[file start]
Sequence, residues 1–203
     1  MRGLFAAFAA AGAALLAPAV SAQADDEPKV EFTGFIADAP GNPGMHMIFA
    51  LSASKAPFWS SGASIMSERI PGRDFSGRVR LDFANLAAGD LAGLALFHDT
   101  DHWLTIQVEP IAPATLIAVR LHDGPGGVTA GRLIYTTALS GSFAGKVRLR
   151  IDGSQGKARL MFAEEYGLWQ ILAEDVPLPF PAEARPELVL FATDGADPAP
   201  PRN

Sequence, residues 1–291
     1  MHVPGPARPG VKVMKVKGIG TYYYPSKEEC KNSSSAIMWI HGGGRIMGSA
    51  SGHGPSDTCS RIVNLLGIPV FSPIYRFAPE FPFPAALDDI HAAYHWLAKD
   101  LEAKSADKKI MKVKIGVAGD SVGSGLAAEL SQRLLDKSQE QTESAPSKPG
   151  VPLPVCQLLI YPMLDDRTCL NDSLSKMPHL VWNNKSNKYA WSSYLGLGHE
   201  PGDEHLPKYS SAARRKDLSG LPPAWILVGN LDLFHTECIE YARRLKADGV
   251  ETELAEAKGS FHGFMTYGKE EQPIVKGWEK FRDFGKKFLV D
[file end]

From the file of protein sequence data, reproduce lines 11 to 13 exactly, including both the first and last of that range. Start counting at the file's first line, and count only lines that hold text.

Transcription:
   151  VPLPVCQLLI YPMLDDRTCL NDSLSKMPHL VWNNKSNKYA WSSYLGLGHE
   201  PGDEHLPKYS SAARRKDLSG LPPAWILVGN LDLFHTECIE YARRLKADGV
   251  ETELAEAKGS FHGFMTYGKE EQPIVKGWEK FRDFGKKFLV D